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Order of Saint Augustine

"Anima una et cor unum in Deum!" (Regula)

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Thought of Saint Augustine
Lord, those who are bowed down with burdens you lift up, and they do not fall because you are their support.
(Confessions 11,31)
No one is able to reach God without flying over oneself.
(In Io. Ev. XX, 8)
Love either rises or falls. With honest love we rise to God; with dishonest love we fall into the pit.
(En. in ps. 122, 1)
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Death of Fr. Modesto Santamarta Yugueros OSA


P. MODESTO SANTAMARTA YUGUEROS (1921-2016)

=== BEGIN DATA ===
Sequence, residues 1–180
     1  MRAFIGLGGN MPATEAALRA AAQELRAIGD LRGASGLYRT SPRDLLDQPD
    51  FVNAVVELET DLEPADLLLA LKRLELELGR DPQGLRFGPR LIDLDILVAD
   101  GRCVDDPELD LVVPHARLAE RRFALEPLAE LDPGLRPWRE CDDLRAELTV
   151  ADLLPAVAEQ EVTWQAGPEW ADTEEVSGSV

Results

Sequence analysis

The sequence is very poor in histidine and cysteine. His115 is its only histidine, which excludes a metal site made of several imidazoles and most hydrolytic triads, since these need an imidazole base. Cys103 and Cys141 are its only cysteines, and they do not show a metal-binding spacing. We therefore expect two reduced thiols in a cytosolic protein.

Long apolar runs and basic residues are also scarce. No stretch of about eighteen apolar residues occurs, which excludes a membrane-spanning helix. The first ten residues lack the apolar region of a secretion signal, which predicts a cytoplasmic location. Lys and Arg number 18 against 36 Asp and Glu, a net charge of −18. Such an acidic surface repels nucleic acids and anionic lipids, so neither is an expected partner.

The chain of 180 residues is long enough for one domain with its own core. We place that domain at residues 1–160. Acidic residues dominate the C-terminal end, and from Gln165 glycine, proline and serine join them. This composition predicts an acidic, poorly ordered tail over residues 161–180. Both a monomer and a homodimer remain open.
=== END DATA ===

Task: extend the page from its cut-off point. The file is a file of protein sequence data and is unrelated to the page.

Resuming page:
Eight years ago, Fr. Modesto published a book which was entitiled Reflections. Searching for the Truth. It gathers together brief texts on diverse themes which he was treating, principally, during his first years of pastoral work in the Parish of Ntra. Madre del Buen Consejo in Leon, Spain. To search for the truth in things is the task demanded of every human being. Fr. Modesto searched since he was a boy, in the family environment of profound convictions of his parents Daniel and Maris Carmen, the truth about God, but in reality, it was the Truth itself with a capital “T”, the truth that he encountered in himself and which called him to be an Augustinian and a priest. Fr. Modesto was ordained a priest on 31 March 1945, just exactly about six months before the ending of the Second World War. He was 24 years old. From the bishop who imposed hands on him he heard with attention two truths which were inscribed on his heart with the fire of love which he made his own until his last breath. One was that the priesthood which not just the action of one moment but rather a commitment that was forever. The other was that the priesthood did not belong to him; it was from Christ, who had chosen him for himself as an instrument in order to place him as father, brother friend, counselor, confidant and guide for every man and woman who would cross his path from that moment on. On the other hand, it meant that Fr. Modesto was to offer himself to all selflessly without holding anything back for himself. All along the path of the almost 95 years of his fruitful life, Fr. Modesto found thousands of distinct ways to bring into practice the advice that he heard from the bishop who ordained him. Many are those who benefited on more than one occasion in this selfless, serene but vigorous, calm and patient way in which Fr. Modesto exercised his priesthood. There are many witnesses of that way of acting even up until the very same day on which his weakened health became irreversible and did not permit him to spend uncountable hours in the confessional. Without doubt inspired by Mary the Mother of Good Counsel, many and good were the counsels which Fr. Modesto dispensed tirelessly so that people of every condition and age encountered how to walk by the paths of mercy that God offers us in order to achieve pardon. A priest, without doubt, Fr. Modesto was above all, an Augustinian. Few could imagine the love and determination that he applied to his studies of philosophy, theology, and the seriousness with which he took his vows, which he pronounced for the first time on 30 October 1938 and which his superiors saw for themselves. He occupied himself with works of responsibility and began his teaching career as professor of Philosophy in the University of Goiania (Brazil). In the Province of Castile he was Provincial Secretary from 1960 to1963. For two consecutive periods from 1963 to 1969 he was elected Prior Provincial. The years in which Fr. Modesto served in those posts were, without doubt, easy for no religious superior. Those time coincided with that epoch of comings and goings in the Church which characterized the first attempts to carry out the directives of Vatican Council II. Religious Orders suffered and the Augustinians were no exception. Above all, he knew how to risk the new without leaving behind at the same time the old in order to draw out the best part. His mandte as prior provincial finished, Fr. Modesto, after a brief stay of two years in Valencia, Spain as Prior and Director of the Colegio Santo Tomas de Villanueva, he was called to Rome to form part of the governing team of the Order of Saint Augustine.